In 2020, worldwide music streaming revenue hit 11.4 billion dollars, a 2800% growth over the course of a decade. Three hundred forty-one million paid online streaming subscribers get their music from top services like Apple Music, Spotify, and Tidal. The competition for listeners is fierce. Each company looks to leverage every advantage they can in pursuit of higher market share.
Like all major tech conglomerates, music streaming services collect an exceptional amount of user data through their platforms and are creating elaborate AI algorithms designed to improve user experience on a number of levels. Spotify has emerged as the largest on-demand music service active today and bolstered its success through the innovative use of AI.
Here are the top ways in which AI has changed music streaming:
AI has the ability to sift through a plenitude of implicit consumer data, including:
- Song preferences
- Keyword preferences
- Playlist data
- Geographic location of listeners
- Most used devices
AI algorithms can analyze user trends and identify users with similar tastes. For example, if AI deduces that User 1 and User 2 have similar tastes, then it can infer that songs User 1 has liked will also be enjoyed by User 2. Spotify’s algorithms will leverage this information to provide recommendations for User 2 based on what User 1 likes, but User 2 has yet to hear.
The result is not only improved recommendations, but greater exposure for artists that otherwise may not have been organically found by User 2.
NATURAL LANGUAGE PROCESSING
Natural Language Processing is a burgeoning field in AI. Previously in our blog, we covered GPT-3, the latest Natural Language Processing (NLP) technology developed by OpenAI. Music streaming services are well-versed in the technology and leverage it in a variety of ways to enhance UI.
Algorithms scan a track’s metadata, in addition to blog posts, discussions, and news articles about artists or songs on the internet to determine connections. When artists/songs are mentioned alongside artists/songs the user likes, algorithms make connections that fuel future recommendations.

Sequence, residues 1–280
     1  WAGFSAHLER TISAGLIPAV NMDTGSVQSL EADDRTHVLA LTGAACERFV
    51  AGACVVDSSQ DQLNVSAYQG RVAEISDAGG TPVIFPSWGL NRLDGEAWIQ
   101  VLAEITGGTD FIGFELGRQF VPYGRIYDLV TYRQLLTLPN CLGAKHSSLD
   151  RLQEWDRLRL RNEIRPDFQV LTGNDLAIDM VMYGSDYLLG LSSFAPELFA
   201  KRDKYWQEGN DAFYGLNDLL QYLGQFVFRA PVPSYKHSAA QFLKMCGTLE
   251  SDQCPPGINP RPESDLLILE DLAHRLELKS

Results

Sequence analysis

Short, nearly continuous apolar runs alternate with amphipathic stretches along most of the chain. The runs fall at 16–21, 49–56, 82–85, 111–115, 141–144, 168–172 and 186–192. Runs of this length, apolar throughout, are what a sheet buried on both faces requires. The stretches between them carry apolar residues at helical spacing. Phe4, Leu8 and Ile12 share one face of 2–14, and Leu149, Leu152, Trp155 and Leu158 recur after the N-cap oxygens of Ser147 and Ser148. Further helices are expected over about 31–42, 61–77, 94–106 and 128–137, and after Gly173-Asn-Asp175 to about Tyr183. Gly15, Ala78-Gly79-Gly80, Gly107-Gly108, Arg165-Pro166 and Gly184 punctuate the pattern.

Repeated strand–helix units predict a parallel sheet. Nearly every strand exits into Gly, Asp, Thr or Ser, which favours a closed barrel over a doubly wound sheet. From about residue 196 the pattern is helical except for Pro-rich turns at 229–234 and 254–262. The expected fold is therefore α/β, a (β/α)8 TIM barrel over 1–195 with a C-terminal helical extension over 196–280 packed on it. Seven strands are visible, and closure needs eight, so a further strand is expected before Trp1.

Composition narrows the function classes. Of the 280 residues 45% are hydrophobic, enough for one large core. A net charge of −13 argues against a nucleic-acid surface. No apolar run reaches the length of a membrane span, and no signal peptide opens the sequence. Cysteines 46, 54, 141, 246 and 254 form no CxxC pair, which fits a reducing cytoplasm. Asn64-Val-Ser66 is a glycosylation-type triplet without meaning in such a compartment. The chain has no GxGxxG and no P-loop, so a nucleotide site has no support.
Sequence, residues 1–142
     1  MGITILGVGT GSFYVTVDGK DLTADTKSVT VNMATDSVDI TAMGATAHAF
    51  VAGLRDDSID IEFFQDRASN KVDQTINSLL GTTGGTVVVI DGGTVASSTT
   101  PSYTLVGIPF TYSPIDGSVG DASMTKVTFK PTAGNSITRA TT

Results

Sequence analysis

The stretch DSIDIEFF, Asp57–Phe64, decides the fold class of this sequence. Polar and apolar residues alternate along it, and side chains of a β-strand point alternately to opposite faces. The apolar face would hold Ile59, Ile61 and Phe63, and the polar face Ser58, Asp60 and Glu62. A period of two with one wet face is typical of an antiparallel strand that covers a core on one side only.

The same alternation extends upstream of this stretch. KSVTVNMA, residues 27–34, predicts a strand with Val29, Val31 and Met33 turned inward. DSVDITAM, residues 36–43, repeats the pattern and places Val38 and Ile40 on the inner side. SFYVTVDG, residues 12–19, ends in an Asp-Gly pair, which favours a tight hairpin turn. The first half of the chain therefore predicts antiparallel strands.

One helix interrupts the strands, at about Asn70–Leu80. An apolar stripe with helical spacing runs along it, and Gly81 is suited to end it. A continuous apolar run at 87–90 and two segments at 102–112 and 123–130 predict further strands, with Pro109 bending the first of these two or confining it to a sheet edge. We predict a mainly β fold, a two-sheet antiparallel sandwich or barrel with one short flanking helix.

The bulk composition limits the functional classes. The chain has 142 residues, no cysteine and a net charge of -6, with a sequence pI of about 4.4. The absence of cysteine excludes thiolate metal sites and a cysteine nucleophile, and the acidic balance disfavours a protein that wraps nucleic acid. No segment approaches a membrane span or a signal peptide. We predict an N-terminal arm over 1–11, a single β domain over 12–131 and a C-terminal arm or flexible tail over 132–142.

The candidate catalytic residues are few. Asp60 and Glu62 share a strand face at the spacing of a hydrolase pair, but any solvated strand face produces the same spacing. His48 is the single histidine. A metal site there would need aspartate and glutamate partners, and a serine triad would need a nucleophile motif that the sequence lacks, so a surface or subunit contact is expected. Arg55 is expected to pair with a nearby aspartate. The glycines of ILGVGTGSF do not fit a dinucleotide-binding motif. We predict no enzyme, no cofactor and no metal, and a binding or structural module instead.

GPT-3 is not perfect; its ability to track sentiments lacks nuance. As Sonos Radio general manager Ryan Taylor recently said to Fortune Magazine: “The truth is music is entirely subjective… There’s a reason why you listen to Anderson .Paak instead of a song that sounds exactly like Anderson .Paak.”
As NLP technology evolves and algorithms extend their grasp of the nuances of language, so will the recommendations provided to you by music streaming services.
AI can study audio models to categorize songs exclusively based on their waveforms. This scientific, binary approach to analyzing creative work enables streaming services to categorize songs and create recommendations regardless of the amount of coverage a song or artist has received.
Artist payment of royalties on streaming services poses its own challenges, problems, and short-comings. Royalties are deduced from trillions of data points. Luckily, blockchain is helping to facilitate a smoother artist’s payment process. Blockchain technology can not only make the process more transparent but also more efficient. Spotify recently acquired blockchain company Mediachain Labs, which will, many pundits are saying, change royalty payments in streaming forever.
MORE TO COME
While AI has vastly improved streaming ability to keep their subscribers compelled, a long road of evolution lies ahead before it can come to a deep understanding of what motivates our musical tastes and interests. Today’s NLP capabilities provided by GPT-3 will probably become fairly archaic within three years as the technology is pushed further. One thing is clear: as streaming companies amass decades’ worth of user data, they won’t hesitate to leverage it in their pursuit of market dominance.